On This Date In History: At about 9:49 AM on July 28, 1945 a B-25 Mitchell hit the 79th floor of the world’s then tallest building, the Empire State Building. Two crew members and a passenger were killed in the bomber and 11 people in the building were killed as well. The building was largely empty because the accident happened on a Saturday.
Now, why did this building not collapse like the Twin Towers?
First off, the B-25 was a relatively small plane by today’s standards. It was also not full of fuel. The 767’s flown into the World Trade center weighed about 10 times that of the B-25 and was flying about 4 times faster. The chart at the left shows that the kinetic energy of a fully loaded 767 at impact was about 160 times that of the B-25. I have linked below to the article that goes with the chart as well as an accompanying article writer with Aerospaceweb used numbers that concluded the energy was 60 to 100 times greater.
The Twin Towers were built with a superstructure unlike any other. The main support system was internal with the outer skin actually acting as part of the support structure. The Empire State Building is built in a more traditional honeycomb type system. When the B-25 hit, much of the energy was absorbed by the outer walls whereas the Twin Towers not only had the destruction of the outer skin compromise the integrity, but the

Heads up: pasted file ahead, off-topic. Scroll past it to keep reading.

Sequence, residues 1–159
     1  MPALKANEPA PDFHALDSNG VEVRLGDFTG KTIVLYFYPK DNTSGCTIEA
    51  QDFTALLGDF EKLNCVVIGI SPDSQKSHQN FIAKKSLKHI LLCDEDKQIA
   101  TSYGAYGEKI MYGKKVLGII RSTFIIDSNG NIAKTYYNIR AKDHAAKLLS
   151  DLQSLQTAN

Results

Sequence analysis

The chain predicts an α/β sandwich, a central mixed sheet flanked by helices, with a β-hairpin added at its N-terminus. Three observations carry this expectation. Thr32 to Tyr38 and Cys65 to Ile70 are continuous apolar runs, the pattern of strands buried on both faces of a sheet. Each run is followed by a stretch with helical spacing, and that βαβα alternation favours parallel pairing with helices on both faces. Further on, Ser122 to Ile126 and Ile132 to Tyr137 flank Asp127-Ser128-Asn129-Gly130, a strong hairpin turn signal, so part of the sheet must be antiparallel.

energy went all the way through to the main interior structure. Many engineers found it amazing that the building was still standing at all. The impact dislodged much of the heat protecting insulation on the steel in the support structure of the World Trade Center and so the voluminous amounts of hot jet fuel eventually weakened the floor supports, causing a collapsing pancake effect of the floors which resulted in catastrophic failure of the entire structural integrity. Similar incidents with very dissimilar details and results. Here is the complete story from Aerospaceweb which outlines the incident in 1945 and makes a detailed comparisons.
Weather Bottom Line: With the clouds so prevalent today, I suspect it will be very difficult for us to hit 90 and this was the last slight chance to do so for the rest of the month. So, without the unexpected happening, it appears that we will have the first July in Louisville recorded history without a 90 degree day and thats a tough thing to do considering that these days the official numbers are kept at the airport.
We have a front approaching slowly. It should be here by Wednesday evening. Couple of things….not totally out of the realm of possibility that we get an isolated t’storm or two popping up in the heat of this afternoon. But, the rain chances will ramp up for Wednesday. Right now, severe weather does not appear to be too likely but there does appear to be a wave that will run along the front as it moves through. Not totally out of the question that some stronger storms get initiated by the wave as it rolls through. Then it appears that the front will get hung up so rain chances with numerous clouds will remain for the rest of the week.